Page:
Inactivation of the melanocortin-4 receptor (MC4-R) by gene-targeting results in mice that develop maturity-onset obesity, hyperinsulinemia, and hyperglycemia. These phenotypes resemble common forms of human obesity, which are late-onset and frequently accompanied by NIDDM. It is not clear whether sequence variation of the MC4-R gene contributes to obesity in humans. Therefore, we examined the human MC4-R gene polymorphism in 190 individuals ascertained on obesity status. Three allelic variants were identified, including two novel ones, Thr112Met and Ile137Thr. To analyze possible functional alterations, the variants were cloned and expressed in vitro and compared with the wild-type receptor. One of the novel variants, Ile137Thr, identified in an extremely obese proband (BMI 57), was found to be severely impaired in ligand binding and signaling, raising the possibility that it may contribute to development of obesity. Furthermore, our results also suggest that sequence polymorphism in the MC4-R coding region is unlikely to be a common cause of obesity in the population studied, given the low frequency of functionally significant mutations.  (+info)

Angiotensin II receptor blockade in normotensive subjects: A direct comparison of three AT1 receptor antagonists. (6/3052)

Use of angiotensin (Ang) II AT1 receptor antagonists for treatment of hypertension is rapidly increasing, yet direct comparisons of the relative efficacy of antagonists to block the renin-angiotensin system in humans are lacking. In this study, the Ang II receptor blockade induced by the recommended starting dose of 3 antagonists was evaluated in normotensive subjects in a double-blind, placebo-controlled, randomized, 4-way crossover study. At 1-week intervals, 12 subjects received a single dose of losartan (50 mg), valsartan (80 mg), irbesartan (150 mg), or placebo. Blockade of the renin-angiotensin system was assessed before and 4, 24, and 30 hours after drug intake by 3 independent methods: inhibition of the blood pressure response to exogenous Ang II, in vitro Ang II receptor assay, and reactive changes in plasma Ang II levels. At 4 hours, losartan blocked 43% of the Ang II-induced systolic blood pressure increase; valsartan, 51%; and irbesartan, 88% (P<0.01 between drugs). The effect of each drug declined with time. At 24 hours, a residual effect was found with all 3 drugs, but at 30 hours, only irbesartan induced a marked, significant blockade versus placebo. Similar results were obtained when Ang II receptor blockade was assessed with an in vitro receptor assay and by the reactive rise in plasma Ang II levels. This study thus demonstrates that the first administration of the recommended starting dose of irbesartan induces a greater and longer lasting Ang II receptor blockade than that of valsartan and losartan in normotensive subjects.  (+info)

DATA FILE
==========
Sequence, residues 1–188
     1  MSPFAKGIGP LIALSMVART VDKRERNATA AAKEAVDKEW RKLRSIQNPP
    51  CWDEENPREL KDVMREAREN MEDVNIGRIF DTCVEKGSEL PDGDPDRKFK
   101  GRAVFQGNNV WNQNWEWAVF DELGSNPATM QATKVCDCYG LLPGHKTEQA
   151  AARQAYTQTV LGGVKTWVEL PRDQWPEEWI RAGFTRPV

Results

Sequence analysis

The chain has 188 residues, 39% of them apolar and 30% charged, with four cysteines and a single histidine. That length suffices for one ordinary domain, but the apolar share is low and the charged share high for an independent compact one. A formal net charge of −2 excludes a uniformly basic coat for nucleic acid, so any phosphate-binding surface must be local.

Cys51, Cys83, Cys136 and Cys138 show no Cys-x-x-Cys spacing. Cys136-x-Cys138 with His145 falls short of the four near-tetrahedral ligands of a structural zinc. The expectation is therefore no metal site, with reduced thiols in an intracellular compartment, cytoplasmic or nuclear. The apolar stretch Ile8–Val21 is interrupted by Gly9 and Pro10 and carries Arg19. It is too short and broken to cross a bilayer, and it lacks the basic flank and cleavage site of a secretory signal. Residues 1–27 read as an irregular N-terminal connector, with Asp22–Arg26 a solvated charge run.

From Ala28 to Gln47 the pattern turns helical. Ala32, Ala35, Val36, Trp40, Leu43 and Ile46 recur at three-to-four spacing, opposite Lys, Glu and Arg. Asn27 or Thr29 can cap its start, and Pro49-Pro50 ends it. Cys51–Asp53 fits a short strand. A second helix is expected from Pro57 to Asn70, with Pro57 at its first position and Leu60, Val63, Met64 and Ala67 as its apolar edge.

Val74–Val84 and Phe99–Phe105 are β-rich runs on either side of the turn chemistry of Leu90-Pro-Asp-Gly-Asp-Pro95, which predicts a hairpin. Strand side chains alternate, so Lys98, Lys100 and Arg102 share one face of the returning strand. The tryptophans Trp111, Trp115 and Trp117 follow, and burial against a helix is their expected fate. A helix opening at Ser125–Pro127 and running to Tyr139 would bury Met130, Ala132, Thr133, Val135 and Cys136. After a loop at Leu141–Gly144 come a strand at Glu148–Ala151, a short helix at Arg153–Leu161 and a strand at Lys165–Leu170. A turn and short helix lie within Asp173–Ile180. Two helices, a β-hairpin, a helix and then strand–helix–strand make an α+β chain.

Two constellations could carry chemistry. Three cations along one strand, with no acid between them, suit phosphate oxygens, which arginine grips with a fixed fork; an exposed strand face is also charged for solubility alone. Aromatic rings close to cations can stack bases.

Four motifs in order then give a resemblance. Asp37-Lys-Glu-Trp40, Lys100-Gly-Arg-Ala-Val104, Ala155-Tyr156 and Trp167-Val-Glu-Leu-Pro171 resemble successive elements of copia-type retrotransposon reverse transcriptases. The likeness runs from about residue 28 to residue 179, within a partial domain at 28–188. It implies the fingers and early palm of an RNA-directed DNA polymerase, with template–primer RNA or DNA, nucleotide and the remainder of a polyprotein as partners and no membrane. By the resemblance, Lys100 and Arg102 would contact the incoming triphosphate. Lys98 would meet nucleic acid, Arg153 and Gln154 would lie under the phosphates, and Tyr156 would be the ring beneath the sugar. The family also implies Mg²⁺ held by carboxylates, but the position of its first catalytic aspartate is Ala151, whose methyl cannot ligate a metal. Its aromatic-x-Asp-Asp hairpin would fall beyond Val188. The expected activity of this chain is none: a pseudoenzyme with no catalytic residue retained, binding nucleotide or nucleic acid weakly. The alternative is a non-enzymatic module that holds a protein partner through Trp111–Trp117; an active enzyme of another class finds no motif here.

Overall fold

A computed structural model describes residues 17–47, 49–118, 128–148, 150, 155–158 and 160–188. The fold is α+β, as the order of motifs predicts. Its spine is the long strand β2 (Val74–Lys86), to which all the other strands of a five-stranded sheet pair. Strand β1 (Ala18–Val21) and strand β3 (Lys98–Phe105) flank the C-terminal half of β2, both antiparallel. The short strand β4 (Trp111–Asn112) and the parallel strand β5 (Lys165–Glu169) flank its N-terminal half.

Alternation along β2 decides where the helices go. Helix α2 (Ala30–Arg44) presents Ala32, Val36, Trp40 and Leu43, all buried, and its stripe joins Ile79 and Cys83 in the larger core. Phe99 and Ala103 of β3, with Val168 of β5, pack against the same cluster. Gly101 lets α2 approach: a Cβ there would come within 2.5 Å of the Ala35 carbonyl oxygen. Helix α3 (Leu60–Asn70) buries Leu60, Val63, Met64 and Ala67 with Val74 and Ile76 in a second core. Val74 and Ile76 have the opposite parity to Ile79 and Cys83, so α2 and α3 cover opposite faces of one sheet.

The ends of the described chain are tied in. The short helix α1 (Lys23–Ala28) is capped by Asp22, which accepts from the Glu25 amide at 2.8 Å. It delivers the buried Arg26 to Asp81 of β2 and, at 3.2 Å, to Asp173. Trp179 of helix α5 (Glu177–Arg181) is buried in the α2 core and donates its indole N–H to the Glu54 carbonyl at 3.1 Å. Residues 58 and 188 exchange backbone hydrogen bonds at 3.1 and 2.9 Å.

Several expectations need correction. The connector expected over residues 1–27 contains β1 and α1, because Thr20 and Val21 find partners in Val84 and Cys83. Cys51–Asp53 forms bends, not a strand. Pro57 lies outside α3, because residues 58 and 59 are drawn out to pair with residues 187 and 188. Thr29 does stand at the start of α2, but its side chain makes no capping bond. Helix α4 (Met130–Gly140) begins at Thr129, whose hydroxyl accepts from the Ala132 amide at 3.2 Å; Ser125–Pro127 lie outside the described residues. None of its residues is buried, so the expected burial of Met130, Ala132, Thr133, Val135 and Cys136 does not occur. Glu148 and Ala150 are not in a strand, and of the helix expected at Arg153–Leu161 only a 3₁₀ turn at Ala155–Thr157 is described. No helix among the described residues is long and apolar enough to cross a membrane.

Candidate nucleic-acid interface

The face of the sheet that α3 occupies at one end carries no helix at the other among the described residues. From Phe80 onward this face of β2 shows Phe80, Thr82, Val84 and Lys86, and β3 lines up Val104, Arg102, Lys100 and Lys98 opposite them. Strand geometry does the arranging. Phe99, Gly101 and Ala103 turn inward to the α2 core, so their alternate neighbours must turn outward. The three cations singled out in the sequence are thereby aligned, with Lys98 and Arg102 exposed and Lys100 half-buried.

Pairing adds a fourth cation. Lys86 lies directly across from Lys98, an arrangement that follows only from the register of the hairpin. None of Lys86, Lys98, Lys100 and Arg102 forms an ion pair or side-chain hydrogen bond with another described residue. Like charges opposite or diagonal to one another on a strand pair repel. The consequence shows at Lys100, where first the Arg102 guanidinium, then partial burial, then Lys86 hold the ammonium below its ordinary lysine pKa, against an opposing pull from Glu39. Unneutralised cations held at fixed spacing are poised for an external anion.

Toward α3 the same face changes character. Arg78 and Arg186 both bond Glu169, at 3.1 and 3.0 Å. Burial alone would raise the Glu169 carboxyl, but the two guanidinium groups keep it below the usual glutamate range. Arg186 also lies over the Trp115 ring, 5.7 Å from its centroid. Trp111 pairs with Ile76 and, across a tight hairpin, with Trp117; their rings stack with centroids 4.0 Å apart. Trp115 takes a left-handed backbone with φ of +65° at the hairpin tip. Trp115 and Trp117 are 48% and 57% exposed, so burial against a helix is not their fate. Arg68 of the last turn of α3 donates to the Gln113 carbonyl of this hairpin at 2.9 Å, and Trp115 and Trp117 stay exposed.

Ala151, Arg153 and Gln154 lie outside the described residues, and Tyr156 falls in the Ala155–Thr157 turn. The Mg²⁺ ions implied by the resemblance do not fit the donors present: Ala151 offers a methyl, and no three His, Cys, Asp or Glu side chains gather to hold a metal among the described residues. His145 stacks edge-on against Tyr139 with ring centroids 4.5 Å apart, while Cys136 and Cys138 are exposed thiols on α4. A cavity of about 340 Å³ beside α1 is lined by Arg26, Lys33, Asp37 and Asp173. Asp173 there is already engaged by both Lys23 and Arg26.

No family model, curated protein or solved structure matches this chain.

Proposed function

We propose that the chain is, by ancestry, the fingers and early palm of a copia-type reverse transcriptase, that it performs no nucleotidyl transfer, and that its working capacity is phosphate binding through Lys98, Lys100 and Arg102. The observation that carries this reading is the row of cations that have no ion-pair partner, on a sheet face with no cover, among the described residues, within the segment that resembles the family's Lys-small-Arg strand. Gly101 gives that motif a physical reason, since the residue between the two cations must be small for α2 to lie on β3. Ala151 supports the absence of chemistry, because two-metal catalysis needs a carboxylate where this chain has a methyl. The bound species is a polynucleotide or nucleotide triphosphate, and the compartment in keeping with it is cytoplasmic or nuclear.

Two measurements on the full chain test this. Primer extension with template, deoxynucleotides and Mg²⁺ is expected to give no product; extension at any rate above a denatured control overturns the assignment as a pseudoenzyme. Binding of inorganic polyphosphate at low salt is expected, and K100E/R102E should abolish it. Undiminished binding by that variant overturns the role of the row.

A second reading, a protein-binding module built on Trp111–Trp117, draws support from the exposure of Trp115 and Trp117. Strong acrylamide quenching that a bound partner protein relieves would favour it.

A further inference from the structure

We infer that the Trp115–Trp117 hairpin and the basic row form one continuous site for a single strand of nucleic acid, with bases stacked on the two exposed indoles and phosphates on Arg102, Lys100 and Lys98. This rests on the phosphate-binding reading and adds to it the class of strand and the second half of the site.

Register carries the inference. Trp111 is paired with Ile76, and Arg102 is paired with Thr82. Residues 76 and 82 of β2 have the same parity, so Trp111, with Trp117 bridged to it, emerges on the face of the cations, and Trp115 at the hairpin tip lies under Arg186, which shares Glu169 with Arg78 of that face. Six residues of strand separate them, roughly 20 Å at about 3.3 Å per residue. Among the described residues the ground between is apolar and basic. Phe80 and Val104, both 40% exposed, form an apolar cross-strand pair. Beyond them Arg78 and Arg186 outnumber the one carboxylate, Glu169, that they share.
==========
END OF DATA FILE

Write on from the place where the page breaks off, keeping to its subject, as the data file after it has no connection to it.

Interactions of a nonpeptidic drug, valacyclovir, with the human intestinal peptide transporter (hPEPT1) expressed in a mammalian cell line. (7/3052)